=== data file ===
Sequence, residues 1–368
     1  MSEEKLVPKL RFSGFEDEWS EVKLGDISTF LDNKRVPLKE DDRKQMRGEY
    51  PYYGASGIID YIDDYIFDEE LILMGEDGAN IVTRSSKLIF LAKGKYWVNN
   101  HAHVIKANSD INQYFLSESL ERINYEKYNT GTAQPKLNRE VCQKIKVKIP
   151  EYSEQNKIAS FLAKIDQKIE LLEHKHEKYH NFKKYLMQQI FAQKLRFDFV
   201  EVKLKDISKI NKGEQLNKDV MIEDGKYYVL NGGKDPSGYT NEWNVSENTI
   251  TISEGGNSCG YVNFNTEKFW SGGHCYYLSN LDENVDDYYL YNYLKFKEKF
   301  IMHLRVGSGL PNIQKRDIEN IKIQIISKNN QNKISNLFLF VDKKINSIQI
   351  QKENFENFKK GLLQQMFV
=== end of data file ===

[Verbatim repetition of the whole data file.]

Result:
Sequence, residues 1–368
     1  MSEEKLVPKL RFSGFEDEWS EVKLGDISTF LDNKRVPLKE DDRKQMRGEY
    51  PYYGASGIID YIDDYIFDEE LILMGEDGAN IVTRSSKLIF LAKGKYWVNN
   101  HAHVIKANSD INQYFLSESL ERINYEKYNT GTAQPKLNRE VCQKIKVKIP
   151  EYSEQNKIAS FLAKIDQKIE LLEHKHEKYH NFKKYLMQQI FAQKLRFDFV
   201  EVKLKDISKI NKGEQLNKDV MIEDGKYYVL NGGKDPSGYT NEWNVSENTI
   251  TISEGGNSCG YVNFNTEKFW SGGHCYYLSN LDENVDDYYL YNYLKFKEKF
   301  IMHLRVGSGL PNIQKRDIEN IKIQIISKNN QNKISNLFLF VDKKINSIQI
   351  QKENFENFKK GLLQQMFV